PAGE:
The old dependable. Well, you can depend on him losing five minutes one day, then leapfrogging back up the GC the next by infiltrating a breakaway. He’s coming off fourteenth place at the Giro d’Italia, so it will be interesting to see whether that sets him up ideally or has him losing ground in the final week.

You can’t deny his reliability. Martin has been the highest French finisher at their national race for the last two years, finishing eighth and eleventh.

However, it’s been 14 years since Cofidis last won a Tour de France stage; that could be more valuable to the Frenchman and the team than another finish on the fringes of the maillot jaune battle.

Pierre Latour (TotalEnergies)

Latour is back from injury (Photo: FRANCK FIFE/AFP via Getty Images)

Tour best: 13th and best young rider, 2018

It’s been a tricky 2022 for Latour, crashing out of Tour of the Basque Country contention while in the top-10 and fracturing his radius at the Mercan’Tour Classic three weeks ago.

He should enter the Tour without pressure – if he makes the TotalEnergies team at all – but he’s also badly under-raced. The race’s first week, with its nerves, potential crosswinds and cobblestones, is not much fun for someone desperately playing catch-up.


Julian Alaphilippe (Quick-Step Alpha Vinyl)

Alaphilippe’s form is uncertain after a long break from racing. (Photo: Bas Czerwinski/Getty Images)

When Alaphilippe is on-song, we’re guaranteed an exciting show of attacking racing from a king of charisma. But nobody knows what shape he is in: he hasn’t raced for two months, since exiting Liège-Bastogne-Liège with a punctured lung, a broken shoulder blade, and ribs.

The French national championships will be a crucial test, showing whether he’s in good enough nick to start in Copenhagen. If anyone can wow with his powers of recovery, it’s the reigning world champion, who has won at least one Tour stage for the last four editions of the race.

Stages six to Longwy and stage eight to Lausanne are right down his street and he could threaten in the mountains. However, a GC challenge is surely a step too far, even if his buccaneering 2019 fifth place sticks in the memory.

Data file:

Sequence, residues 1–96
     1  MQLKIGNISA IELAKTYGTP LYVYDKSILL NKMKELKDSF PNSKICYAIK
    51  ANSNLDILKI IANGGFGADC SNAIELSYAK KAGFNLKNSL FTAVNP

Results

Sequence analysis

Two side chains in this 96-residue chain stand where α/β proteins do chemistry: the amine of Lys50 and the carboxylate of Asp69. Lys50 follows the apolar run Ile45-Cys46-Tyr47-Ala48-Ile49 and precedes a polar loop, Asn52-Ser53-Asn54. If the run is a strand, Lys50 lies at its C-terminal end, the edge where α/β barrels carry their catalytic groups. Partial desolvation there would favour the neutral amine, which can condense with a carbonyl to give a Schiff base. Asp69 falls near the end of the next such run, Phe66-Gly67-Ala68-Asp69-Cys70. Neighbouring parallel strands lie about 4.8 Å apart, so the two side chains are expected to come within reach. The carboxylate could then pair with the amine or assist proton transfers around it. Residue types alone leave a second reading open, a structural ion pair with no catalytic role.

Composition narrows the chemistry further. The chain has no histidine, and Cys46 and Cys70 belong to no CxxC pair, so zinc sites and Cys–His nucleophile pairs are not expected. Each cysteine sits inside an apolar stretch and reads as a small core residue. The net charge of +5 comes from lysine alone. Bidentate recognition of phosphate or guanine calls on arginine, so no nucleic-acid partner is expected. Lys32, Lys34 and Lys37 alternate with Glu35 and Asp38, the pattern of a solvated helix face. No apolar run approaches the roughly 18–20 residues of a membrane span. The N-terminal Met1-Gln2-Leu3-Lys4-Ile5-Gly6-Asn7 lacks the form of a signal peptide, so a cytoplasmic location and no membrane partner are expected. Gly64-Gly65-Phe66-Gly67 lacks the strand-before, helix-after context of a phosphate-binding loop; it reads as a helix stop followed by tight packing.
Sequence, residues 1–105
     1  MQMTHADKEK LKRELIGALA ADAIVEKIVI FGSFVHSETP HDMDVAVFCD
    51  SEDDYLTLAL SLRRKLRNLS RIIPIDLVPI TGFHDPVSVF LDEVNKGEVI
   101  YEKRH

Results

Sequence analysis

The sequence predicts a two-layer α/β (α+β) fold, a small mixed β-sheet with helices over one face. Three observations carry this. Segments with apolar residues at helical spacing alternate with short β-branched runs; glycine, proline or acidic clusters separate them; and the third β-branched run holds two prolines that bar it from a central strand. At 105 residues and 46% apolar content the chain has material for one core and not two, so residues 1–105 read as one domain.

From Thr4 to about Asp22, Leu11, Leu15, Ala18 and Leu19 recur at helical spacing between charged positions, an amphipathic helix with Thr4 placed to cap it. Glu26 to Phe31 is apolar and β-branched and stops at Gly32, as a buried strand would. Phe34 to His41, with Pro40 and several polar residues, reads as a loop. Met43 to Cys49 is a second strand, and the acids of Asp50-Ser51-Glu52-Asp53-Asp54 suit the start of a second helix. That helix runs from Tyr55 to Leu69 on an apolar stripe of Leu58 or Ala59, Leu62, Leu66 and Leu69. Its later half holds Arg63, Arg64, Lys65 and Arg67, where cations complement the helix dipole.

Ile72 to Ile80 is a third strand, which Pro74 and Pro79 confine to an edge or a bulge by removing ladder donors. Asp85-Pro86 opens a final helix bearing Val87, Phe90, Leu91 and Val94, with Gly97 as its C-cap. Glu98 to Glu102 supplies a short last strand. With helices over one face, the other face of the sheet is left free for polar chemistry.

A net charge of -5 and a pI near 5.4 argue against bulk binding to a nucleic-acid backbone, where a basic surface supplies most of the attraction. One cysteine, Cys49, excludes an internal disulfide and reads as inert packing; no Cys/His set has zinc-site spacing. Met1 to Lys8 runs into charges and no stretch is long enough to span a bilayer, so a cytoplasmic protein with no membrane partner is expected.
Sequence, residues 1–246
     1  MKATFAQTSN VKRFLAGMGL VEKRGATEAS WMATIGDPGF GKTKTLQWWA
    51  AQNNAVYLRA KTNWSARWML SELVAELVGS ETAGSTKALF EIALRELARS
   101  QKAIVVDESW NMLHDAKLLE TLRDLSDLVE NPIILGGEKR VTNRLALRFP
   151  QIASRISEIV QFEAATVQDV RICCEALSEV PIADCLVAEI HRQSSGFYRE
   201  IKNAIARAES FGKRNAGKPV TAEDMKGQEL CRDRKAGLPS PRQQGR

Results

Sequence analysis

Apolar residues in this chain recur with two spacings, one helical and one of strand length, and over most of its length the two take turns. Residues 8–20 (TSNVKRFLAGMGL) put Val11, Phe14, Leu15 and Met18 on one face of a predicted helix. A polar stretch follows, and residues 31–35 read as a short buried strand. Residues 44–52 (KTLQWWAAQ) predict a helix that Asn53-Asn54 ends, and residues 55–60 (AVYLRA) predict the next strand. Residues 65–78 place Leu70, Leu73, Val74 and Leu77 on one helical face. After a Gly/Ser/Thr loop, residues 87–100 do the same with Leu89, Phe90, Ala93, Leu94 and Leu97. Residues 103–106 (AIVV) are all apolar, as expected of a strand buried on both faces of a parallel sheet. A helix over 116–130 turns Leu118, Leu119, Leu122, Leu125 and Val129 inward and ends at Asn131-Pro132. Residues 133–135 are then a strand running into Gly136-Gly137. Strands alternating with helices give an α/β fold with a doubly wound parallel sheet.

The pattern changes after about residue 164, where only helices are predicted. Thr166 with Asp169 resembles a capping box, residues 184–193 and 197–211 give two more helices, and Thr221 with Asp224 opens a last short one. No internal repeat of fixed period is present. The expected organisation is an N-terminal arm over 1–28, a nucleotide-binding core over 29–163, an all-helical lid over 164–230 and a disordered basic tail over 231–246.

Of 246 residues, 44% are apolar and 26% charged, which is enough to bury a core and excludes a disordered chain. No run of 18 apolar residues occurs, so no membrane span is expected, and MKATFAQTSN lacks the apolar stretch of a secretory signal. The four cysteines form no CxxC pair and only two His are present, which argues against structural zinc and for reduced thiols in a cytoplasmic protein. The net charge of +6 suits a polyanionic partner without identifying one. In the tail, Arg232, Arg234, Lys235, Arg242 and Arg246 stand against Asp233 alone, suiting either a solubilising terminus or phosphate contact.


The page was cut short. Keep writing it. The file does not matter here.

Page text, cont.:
Benoît Cosnefroy (Ag2r-Citroën)

Cosnefroy was a star of the Ardennes. (Photo: Bas Czerwinski/Getty Images)

Cosnefroy had several near misses without crossing the line first this year. The Amstel Gold Race is front and center, losing by millimeters and even celebrating before realizing the result. Still, it was a reminder that on his day, Cosnefroy is dynamite. It’s high time for a stage win on the biggest stage of all for the puncheur.

Of course, speaking of French hopes, his team Ag2r-Citröen has the most likely contender in Australian climber Ben O’Connor. Cosnefroy will be lending a hand there too.

Warren Barguil (Arkéa Samsic)

Can Barguil roll back the years to his KoM winning best? Photo: Startt

The Breton has got back to the top step of the podium this year, winning a Tirreno-Adriatico stage and the GP Miguel Indurain.

It’s five years since his two Tour stage victories and King of the Mountains titles, but if Barguil goes back to the attacking philosophy that he adores, he won’t be far off this summer. Arkéa Samsic may well need “Wawa” firing on all cylinders too, as Nairo Quintana chases fitness after an April crash.

And the rest…

Cofidis sprinter Bryan Coquard can get over the hills and in the mix, but there always seems to be a rival with a stronger team around him or a slightly faster kick. His team-mate Victor Lafay took a flyer for a memorable Giro stage last year and is due a Tour debut this year. Fellow prospect Benjamin Thomas has also enjoyed his strongest season to date. This might just be the year that the boys in red-and-white break their duck.

Versatile Valentin Madouas (Groupama-FDJ) can seemingly do it in the high mountain air or on the Flemish cobblestones. The Tour of Flanders podium finisher will be looking to kick on with a stage win this summer.

In terms of breakaway flair, TotalEnergies will have a team with plenty of firepower. We’ve seen their pedigree already on home soil in 2022, with Mathieu Burgaudeau, Alexis Vuillermoz and Valentin Ferron escaping to victory at Paris-Nice and the Critérium du Dauphiné respectively. Meanwhile, Anthony Turgis is overdue glory on the biggest stage to go with his spring Classics near misses over the years.

It’s now ten years since attack-happy Pierre Rolland’s last Tour stage win. The B&B Hotels-KTM man looked full of riding at the Critérium du Dauphiné, losing out to Ferron on the road to Gap. Nevertheless, he’ll need to show his finest form in years to challenge for a stage win or the King of the Mountains jersey.

Lastly, while a French winner in Paris is unlikely, there could be a Frenchman on the winning team. Christophe Laporte made the Jumbo-Visma selection; he’ll be protecting Primoz Roglic and Jonas Vingegaard, and leading out Wout van Aert.

An American in France

What’s it like to be an American cyclist living in France? Watch to get professional road cyclist Joe Dombrowski’s view.